Search Images Maps Play YouTube News Gmail Drive More »
Sign in
Screen reader users: click this link for accessible mode. Accessible mode has the same essential features but works better with your reader.

Patents

  1. Advanced Patent Search
Publication numberUS6651257 B2
Publication typeGrant
Application numberUS 10/138,000
Publication dateNov 25, 2003
Filing dateMay 3, 2002
Priority dateMay 6, 1999
Fee statusLapsed
Also published asUS6381756, US20020120977
Publication number10138000, 138000, US 6651257 B2, US 6651257B2, US-B2-6651257, US6651257 B2, US6651257B2
InventorsLane F. Smith
Original AssigneeLane F. Smith
Export CitationBiBTeX, EndNote, RefMan
External Links: USPTO, USPTO Assignment, Espacenet
Gaiter-sock combination
US 6651257 B2
Abstract
A combination of a gaiter member (24) attached (26) to a sock member (22) in various embodiments creates a gaiter-sock combination, which simply and efficiently provides barrier protection to a lower body extremity. The gaiter portion (24) may protect a sock portion (22), or the inside of a boot or shoe (32), or various combinations of them, from debris, insects, arachnids, thorns, burrs, and the like.
Images(9)
Previous page
Next page
Claims(20)
What is claimed and desired to be secured by United States Letters Patent is:
1. An apparatus comprising:
a stocking member for protecting a foot of a user;
a gaiter member securable to the stocking;
a securement member connecting the gaiter member to the stocking member;
the stocking member, being formed of a first material, selected to provide ventilation for a foot of a user; and
the gaiter member, being formed of a second material different from the first material, selected to provide shielding of the stocking, the gaiter member overlapping a substantial portion of the stocking member, and having an axial cross section with a permanently closed perimeter, the cross section of the portion of the gaiter member having a closed perimeter having at least one of a substantially constant value and a value varying at a substantially constant rate, axially along the length of the gaiter.
2. The apparatus of claim 1, wherein the securement member permanently attaches the stocking member to the gaiter member.
3. The apparatus of claim 2, wherein the first material is formed to be breathable and extensible.
4. The apparatus of claim 3, wherein the second material is formed to be substantially inextensible.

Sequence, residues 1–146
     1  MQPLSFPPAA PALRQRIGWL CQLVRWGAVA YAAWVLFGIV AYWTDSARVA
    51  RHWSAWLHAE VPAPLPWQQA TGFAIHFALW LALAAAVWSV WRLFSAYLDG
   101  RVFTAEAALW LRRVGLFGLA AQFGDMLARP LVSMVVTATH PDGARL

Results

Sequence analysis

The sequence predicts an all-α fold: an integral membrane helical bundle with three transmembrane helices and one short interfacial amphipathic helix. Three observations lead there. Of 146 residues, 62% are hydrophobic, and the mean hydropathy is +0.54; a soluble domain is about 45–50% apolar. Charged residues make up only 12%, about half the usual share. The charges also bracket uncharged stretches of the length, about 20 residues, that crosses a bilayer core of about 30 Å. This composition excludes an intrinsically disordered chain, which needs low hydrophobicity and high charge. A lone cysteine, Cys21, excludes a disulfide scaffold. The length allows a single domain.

5. The apparatus of claim 4, wherein the second material is formed to be substantially waterproof.
6. The apparatus of claim 5, wherein the second material is formed to be substantially breathable, for permitting vapors to pass therethrough.
7. The apparatus of claim 6, wherein the second material is formed to resist penetration by pointed objects.
8. The apparatus of claim 7, wherein the apparatus further comprises a draw member connected to the gaiter member for gathering the gaiter member together.
9. The apparatus of claim 8, wherein the gaiter member has a top end opening, a bottom end opening, a central portion therebetween, and a securement region, the draw member is positioned proximate a location along the length of the gaiter member, the location being selected from the top end opening, the bottom end opening, the central portion, and the securement region, the securement region being positioned proximate the securement member.
10. A method for protection of a bodily member of a user, the method comprising:
providing a stocking having a top portion for surrounding a leg of a user and a lower portion for surrounding a foot of a user;
providing a gaiter to secure to the stocking, and having a first collar, a second collar, and a barrier portion extending therebetween;
securing the first collar of the gaiter to the stocking;
placing the connected stocking and gaiter on the foot and lower leg of a user with the barrier portion in a first position with the second collar positioned above the first collar;
inserting the user's foot into the footwear; and
folding the barrier portion into a second position with the second collar below the first collar, the barrier portion overlapping and circumscribing a substantial portion of the stocking.
11. The method of claim 10, further comprising securing the first collar sufficiently close to the bodily member of a user to resist entry of solid materials therebetween.
12. The method of claim 11, further comprising gathering the second collar sufficiently close to the footwear to resist entry of debris therebetween.
13. The method of claim 12, further comprising securing the second collar to the footwear with a fastener.
14. The method of claim 13, further comprising providing a substantially waterproof material for forming the barrier portion.
15. The method of claim 14, further comprising providing a breathable material for forming the barrier portion, the breathable material being configured to pass vapors therethrough.
16. The method of claim 15, wherein the barrier portion further comprises a securement region connectable to the stocking member, the method further comprising providing a draw for gathering a portion of the barrier portion, the barrier portion being selected from the first collar, the second collar, and the securement region.
17. The method of claim 16, wherein the stocking member is substantially permanently connected to the barrier portion.
18. The method of claim 17, further comprising positioning an end of an article of clothing inside the first collar, and positioned between the first collar and the bodily member of a user.
19. A method for protection of a bodily member of a user, the method comprising:
providing a stocking having an upper portion for surrounding the lower leg of a user and a lower portion for surrounding the foot of a user;
providing a gaiter having upper and lower portions conforming to the stocking and constructed of water resistant material;
providing a securement means securing the gaiter to the stocking and positioned between the upper portion and the lower portion of the gaiter;